I can only echo what others have said. It might feel weird feeling crap at the point when treatment has ended and life is returning to 'normal' but it's only because you are so busy firefighting when you are diagnosed and during treatment, you have no time to even consider how you feel.

    For many years I worked with families who had babies who were very ill or died very young and their experience is very similar. At the time when their babies were in hospital, they were so busy going backwards and forwards to the hospital, looking after the rest of their children and doing all the normal things, they had no time to think. It was only when life was getting back to normal and their babies were home and well that they began to feel anxious, depressed and had flashbacks. Their minds weren't always occupied with rushing about and getting things done so they had time to start reflecting on what had happened over the last months/years. I've spoken to lots of people who thought they were going mad or thought they shouldn't have the feelings they were experiencing because life was better! And it frightened them, too.

    It is SO normal to feel like you do. It's all part of the process and although it might be a bit unexpected when things are less hectic, it's all quite normal and will pass, like everything else has done. Yes, it feels strange when you probably expected to be getting on with life and I know I'm going to hit this wall and feel the same 'What the ***!!$£ !' but there is nothing we can do about it except take it in our stride. Crying is probably not a bad plan - it does release tension and. I feel a little like a ticking time bomb at the moment and that's not very comfortable but I'm going to have to learn to live with it.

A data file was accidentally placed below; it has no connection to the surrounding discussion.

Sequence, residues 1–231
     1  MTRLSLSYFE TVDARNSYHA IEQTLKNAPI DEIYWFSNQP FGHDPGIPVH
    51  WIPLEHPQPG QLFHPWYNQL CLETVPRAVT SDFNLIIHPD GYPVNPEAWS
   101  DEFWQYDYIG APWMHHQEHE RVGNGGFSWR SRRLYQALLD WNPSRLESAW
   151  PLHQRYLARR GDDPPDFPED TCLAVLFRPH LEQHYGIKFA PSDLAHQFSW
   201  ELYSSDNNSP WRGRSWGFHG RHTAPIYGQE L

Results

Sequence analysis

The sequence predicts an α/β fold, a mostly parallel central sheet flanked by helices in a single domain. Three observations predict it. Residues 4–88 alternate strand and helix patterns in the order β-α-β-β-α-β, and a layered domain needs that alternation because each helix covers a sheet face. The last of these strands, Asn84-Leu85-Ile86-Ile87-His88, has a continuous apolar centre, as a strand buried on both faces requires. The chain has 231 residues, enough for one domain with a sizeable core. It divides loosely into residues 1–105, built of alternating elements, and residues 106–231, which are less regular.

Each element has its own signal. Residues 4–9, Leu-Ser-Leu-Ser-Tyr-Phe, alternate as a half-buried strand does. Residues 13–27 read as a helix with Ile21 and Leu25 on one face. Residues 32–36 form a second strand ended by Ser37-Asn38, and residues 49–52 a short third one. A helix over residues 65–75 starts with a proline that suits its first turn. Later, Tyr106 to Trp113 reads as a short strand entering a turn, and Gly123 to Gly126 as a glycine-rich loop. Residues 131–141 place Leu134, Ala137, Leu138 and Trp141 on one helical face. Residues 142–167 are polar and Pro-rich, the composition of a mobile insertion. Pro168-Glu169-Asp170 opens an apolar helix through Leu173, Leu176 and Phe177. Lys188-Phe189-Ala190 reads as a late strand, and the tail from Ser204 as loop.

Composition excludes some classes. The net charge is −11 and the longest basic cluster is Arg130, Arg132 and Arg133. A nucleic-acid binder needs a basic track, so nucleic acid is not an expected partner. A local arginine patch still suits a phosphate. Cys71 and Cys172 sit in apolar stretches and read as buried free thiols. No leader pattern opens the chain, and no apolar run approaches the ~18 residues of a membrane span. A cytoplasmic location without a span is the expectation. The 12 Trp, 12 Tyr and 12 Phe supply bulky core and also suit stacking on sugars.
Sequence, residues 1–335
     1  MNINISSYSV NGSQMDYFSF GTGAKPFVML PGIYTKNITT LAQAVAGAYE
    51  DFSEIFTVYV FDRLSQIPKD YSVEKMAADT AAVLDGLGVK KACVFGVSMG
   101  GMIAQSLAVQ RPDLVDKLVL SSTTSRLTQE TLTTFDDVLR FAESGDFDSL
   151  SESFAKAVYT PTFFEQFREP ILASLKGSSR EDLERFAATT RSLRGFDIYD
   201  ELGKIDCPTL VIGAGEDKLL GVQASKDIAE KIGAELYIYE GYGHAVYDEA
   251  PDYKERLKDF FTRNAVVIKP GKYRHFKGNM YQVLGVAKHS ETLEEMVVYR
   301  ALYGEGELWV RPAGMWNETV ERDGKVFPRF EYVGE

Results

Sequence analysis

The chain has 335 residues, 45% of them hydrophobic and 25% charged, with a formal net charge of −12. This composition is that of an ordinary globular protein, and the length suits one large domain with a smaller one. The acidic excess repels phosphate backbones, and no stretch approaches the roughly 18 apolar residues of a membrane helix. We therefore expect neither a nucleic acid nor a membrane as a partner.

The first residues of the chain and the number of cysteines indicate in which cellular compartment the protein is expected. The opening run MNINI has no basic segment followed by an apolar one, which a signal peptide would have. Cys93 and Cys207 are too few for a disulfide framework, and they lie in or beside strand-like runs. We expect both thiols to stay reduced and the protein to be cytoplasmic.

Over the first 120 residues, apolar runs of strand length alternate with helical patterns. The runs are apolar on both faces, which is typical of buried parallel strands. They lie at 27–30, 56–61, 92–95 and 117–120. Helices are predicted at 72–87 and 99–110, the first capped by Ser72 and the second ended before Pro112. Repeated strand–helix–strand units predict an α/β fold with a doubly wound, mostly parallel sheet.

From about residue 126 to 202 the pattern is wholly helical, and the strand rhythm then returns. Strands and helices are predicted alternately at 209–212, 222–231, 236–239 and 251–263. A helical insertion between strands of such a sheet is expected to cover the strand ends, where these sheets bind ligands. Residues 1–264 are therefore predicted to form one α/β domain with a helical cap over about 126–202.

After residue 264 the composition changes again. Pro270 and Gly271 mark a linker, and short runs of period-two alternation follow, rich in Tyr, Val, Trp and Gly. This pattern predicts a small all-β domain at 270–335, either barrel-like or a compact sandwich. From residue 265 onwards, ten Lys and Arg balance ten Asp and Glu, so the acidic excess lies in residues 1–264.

I hope it's good to know that you're not the only one feeling like this. You've probably helped others, too,  just by raising the subject.

    Big hugs, Shelley xx

  • I know how you feel I was also diagnosed in May had fec-t and starting rads on wednesday also  herceptin no tamoxifen. I have felt really stressed the last few day really snappy with the oh and kids. Think its the end of chemo thought i would feel better but i still feel rubbish, We have to remember what a roller coster  we have been on the last 8 months, sending you a hug xxx

  • Thanks ladies

    Silly really even reading your kind words made me cry. 

    Have given myself the proverbial kick up the behind and getting my head focused for the next couple of weeks. Tomorrow to see my GP to renew prescriptions, both for  life as I know it now and some existing  medical problems; and to get referred to the lymphodema clinic.  Then off for my routine echo, this is because I have Herceptin and off to work for a few hours.

    Tanning begins on Tuesday, these are all late appointments so it will e off to work first then to the hospital.

    So once again no time to be sitting around feeling sorry for myself.

    Thanks for listening  xx

  • You good friends have put into words how I feel. So miserable ungrateful tearful, after everything everyone is doing to try to help me get through this. I still don't feel like any of this is real. I'm not as far on in treatment as you just had 1st chemo on 2nd Jan. got a long way to go yet, how on earth did you get so far? I will do it but I think there is going to be a few tears and tantrums on the way. Gail x